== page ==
Proposal for 48 team World Cup not popular

The proposal from Gianni Infantino for a 48 team World Cup has been met by an almost unanimous stream of opprobrium by twitter users. Or it was at least opposed by the twitter users I follow. And I guess that’s the point? Most of the people I follow have a UK or US centric view on football/soccer. Both England and the United States are likely to comfortably qualify for 32 team World Cup, despite the best efforts of each country not do (Thanks Allardyce/Klinsmann).

The obvious worries are that it will water-down the competition, that there’ll be too many games and that it will make the Panini album almost impossible to complete without a small bank-loan. All of these concerns are valid (especially the last one). However, if you view the 48 team World Cup from an Asian or African perspective then there are likely to be many more people keen on the idea. After all, only a limited number of countries qualify from these two huge continents and the thought of a couple more places for each continent would surely be voted for by the majority of AFC and CAF nations.

Rather than directly oppose the idea of a 48 team World Cup with groups of three, perhaps the football community should come up with a better format for this World Cup. Perhaps the best 24 nations in the World should qualify automatically, with the second best 24 sides playing off (either in groups of four, or as a straight playoff) for the final 12 places in a 32 team World Cup. This could easily be accommodated in the weeks leading up to a tournament when sides are normally playing warm-up games.

Like many things in football, if the idea makes money it’s likely to be implemented. And 48 teams means more games, and more money. It also gives the nations with the larger TV audiences (like England and USA) that extra bit of leeway, just in case they do wish to employ Gareth Southgate and Bruce Arena as national team coaches.

Alfredo Di Stéfano

Playing for more than one nation

It’s rare for footballers to play for more than one nation. If a player plays for a country in a FIFA accredited match they are then unable to play for another. However there are still numerous cases of players playing for two different nations before this rule was implemented, also players who have played in friendlies for one country before playing for another and many players have played for sides before and after the fall of the Iron Curtain.

We’ve picked a side of players who have played for more than one nation. The only criteria being that we couldn’t pick more than one player who had the same combinations of countries.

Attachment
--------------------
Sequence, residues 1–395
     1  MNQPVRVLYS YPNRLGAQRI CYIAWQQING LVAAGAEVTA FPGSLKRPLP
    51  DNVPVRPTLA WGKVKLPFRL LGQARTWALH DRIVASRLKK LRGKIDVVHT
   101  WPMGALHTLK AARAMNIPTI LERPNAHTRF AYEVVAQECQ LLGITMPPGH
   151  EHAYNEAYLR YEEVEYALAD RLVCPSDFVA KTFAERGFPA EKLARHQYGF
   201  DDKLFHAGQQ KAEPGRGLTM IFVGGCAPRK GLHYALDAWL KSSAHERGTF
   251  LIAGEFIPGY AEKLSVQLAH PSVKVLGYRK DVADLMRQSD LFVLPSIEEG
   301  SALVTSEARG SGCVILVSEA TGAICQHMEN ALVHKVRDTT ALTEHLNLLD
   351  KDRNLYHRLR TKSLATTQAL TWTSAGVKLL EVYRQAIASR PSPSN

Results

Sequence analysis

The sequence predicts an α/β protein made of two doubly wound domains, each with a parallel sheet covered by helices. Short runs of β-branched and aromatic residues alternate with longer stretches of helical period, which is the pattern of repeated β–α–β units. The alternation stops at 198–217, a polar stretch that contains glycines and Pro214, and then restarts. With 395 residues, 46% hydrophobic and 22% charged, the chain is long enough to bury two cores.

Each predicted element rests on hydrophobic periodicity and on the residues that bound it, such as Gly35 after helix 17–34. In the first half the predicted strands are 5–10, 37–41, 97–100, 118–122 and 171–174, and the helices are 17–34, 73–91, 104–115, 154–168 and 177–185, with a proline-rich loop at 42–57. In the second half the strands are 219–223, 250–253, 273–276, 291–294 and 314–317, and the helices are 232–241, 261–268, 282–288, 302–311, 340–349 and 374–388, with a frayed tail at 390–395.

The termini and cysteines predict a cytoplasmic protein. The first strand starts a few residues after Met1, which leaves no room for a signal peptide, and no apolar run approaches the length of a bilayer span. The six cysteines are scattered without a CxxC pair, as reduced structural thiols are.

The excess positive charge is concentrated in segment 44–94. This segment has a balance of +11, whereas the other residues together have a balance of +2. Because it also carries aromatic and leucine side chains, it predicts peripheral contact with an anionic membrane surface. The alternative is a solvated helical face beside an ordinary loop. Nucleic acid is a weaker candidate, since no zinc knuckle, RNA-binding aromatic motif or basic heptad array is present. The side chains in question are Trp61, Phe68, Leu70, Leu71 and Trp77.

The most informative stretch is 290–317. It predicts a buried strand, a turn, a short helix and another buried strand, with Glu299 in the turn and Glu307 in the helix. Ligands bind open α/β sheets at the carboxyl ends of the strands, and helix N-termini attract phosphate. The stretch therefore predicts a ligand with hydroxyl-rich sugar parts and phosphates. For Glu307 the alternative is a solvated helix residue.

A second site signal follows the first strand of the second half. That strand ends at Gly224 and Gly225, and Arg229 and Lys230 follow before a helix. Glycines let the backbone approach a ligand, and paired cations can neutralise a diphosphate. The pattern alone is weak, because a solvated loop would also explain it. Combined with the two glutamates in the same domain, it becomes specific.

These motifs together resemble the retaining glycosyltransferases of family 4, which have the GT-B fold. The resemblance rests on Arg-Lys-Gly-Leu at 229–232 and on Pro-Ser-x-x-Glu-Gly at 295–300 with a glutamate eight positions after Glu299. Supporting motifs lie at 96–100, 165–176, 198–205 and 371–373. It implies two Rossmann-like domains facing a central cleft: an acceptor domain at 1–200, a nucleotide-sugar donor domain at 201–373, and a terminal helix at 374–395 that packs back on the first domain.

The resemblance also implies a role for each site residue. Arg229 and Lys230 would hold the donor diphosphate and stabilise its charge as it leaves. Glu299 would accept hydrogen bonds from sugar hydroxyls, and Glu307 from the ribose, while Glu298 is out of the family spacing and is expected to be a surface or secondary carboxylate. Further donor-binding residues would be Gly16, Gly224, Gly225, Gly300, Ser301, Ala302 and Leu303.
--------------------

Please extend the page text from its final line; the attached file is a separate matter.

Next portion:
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In goal we have former Chelsea shot-stopper Dmirti Kharine. As always when picking XI’s the goalkeeper spot is always the hardest to fill. We’ve chosen Kharine who played for the Soviet Union as well as Russia.

The back-line features Matthias Sammer, an excellent ball playing defender who played for East Germany before re-unification before becoming an important member of Germany’s Euro 96 winning side. Alongside him is Arsenal defender Oleg Luzhny who played for the Soviet Union before its break-up, and played for Ukraine afterwards.

Nacer Chadli is a player whose international alleigances lie across two continents. He played for Morocco in a friendly in Northern Ireland in 2010, yet later committed his international future to Belgium where has played over 30 times for the nation of his birth.

It would be wrong not to have a player who played for Czechoslovakia and one of Czech Republic or Slovakia, and the role in this side goes to Ľubomír Moravčík who played 42 games for Czechoslovakia and 38 times for Slovakia. Alongside him in midfield is Jermaine Jones who played for German youth sides before making three appearances for the full national team in 2008. As these games were only friendlies he still had the opportunity to switch, and did so in 2010 when he opted to play for the United States.

Ferenc Puskas is an interesting addition to the team. One of the greatest players of all time and is famous for playing a huge part in one of the best sides of all time: the Hungarian team of the 1950s. Yet, he took Spanish citizenship in the early 60s and played four games for his adopted nation at the 1962 World Cup. However, by this point of his career the magic was fading and he failed to find the net.

Perhaps even more intriguingly than Puskas, the figure of Kubala also makes our XI. Kubala played internationally for Czechoslovakia, Hungary and Spain. He even turned out for Catalonia in unofficial matches and netted a brace for a Europe XI at Wembley against a  England. Kubala played 180 matches for Barcelona and scored 131 times. A self-confessed “cosmopolitan” it would be hard not to make László Kubala captain of this side.